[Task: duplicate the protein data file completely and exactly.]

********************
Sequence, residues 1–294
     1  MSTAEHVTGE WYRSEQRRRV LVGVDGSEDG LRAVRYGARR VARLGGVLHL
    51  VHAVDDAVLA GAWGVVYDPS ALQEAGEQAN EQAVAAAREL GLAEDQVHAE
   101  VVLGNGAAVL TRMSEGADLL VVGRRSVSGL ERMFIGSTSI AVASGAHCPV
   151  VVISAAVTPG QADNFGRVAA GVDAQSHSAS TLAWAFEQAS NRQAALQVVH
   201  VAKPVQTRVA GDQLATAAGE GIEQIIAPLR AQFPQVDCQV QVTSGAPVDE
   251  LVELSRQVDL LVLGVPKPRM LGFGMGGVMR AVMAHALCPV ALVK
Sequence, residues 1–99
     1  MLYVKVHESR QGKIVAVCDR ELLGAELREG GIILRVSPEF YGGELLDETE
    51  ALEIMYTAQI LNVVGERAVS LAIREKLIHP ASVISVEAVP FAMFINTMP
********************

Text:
Sequence, residues 1–294
     1  MSTAEHVTGE WYRSEQRRRV LVGVDGSEDG LRAVRYGARR VARLGGVLHL
    51  VHAVDDAVLA GAWGVVYDPS ALQEAGEQAN EQAVAAAREL GLAEDQVHAE
   101  VVLGNGAAVL TRMSEGADLL VVGRRSVSGL ERMFIGSTSI AVASGAHCPV
   151  VVISAAVTPG QADNFGRVAA GVDAQSHSAS TLAWAFEQAS NRQAALQVVH
   201  VAKPVQTRVA GDQLATAAGE GIEQIIAPLR AQFPQVDCQV QVTSGAPVDE
   251  LVELSRQVDL LVLGVPKPRM LGFGMGGVMR AVMAHALCPV ALVK
Sequence, residues 1–99
     1  MLYVKVHESR QGKIVAVCDR ELLGAELREG GIILRVSPEF YGGELLDETE
    51  ALEIMYTAQI LNVVGERAVS LAIREKLIHP ASVISVEAVP FAMFINTMP